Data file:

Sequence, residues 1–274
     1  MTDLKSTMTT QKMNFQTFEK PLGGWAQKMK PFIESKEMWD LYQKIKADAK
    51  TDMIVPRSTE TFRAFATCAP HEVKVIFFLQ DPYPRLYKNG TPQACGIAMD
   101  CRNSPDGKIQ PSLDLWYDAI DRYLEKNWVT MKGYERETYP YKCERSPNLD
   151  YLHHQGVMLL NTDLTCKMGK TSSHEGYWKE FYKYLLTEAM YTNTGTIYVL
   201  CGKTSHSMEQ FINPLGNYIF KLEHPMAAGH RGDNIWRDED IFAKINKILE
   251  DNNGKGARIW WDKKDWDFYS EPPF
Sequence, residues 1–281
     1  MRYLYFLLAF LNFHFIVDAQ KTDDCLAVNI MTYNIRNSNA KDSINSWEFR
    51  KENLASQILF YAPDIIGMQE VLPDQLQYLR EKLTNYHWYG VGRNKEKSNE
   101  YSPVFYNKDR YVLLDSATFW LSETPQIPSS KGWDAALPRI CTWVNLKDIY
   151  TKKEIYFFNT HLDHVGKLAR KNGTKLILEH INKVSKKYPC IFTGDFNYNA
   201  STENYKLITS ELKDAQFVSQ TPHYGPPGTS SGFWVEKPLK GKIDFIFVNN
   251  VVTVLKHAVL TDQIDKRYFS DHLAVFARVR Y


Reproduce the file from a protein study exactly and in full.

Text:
Sequence, residues 1–274
     1  MTDLKSTMTT QKMNFQTFEK PLGGWAQKMK PFIESKEMWD LYQKIKADAK
    51  TDMIVPRSTE TFRAFATCAP HEVKVIFFLQ DPYPRLYKNG TPQACGIAMD
   101  CRNSPDGKIQ PSLDLWYDAI DRYLEKNWVT MKGYERETYP YKCERSPNLD
   151  YLHHQGVMLL NTDLTCKMGK TSSHEGYWKE FYKYLLTEAM YTNTGTIYVL
   201  CGKTSHSMEQ FINPLGNYIF KLEHPMAAGH RGDNIWRDED IFAKINKILE
   251  DNNGKGARIW WDKKDWDFYS EPPF
Sequence, residues 1–281
     1  MRYLYFLLAF LNFHFIVDAQ KTDDCLAVNI MTYNIRNSNA KDSINSWEFR
    51  KENLASQILF YAPDIIGMQE VLPDQLQYLR EKLTNYHWYG VGRNKEKSNE
   101  YSPVFYNKDR YVLLDSATFW LSETPQIPSS KGWDAALPRI CTWVNLKDIY
   151  TKKEIYFFNT HLDHVGKLAR KNGTKLILEH INKVSKKYPC IFTGDFNYNA
   201  STENYKLITS ELKDAQFVSQ TPHYGPPGTS SGFWVEKPLK GKIDFIFVNN
   251  VVTVLKHAVL TDQIDKRYFS DHLAVFARVR Y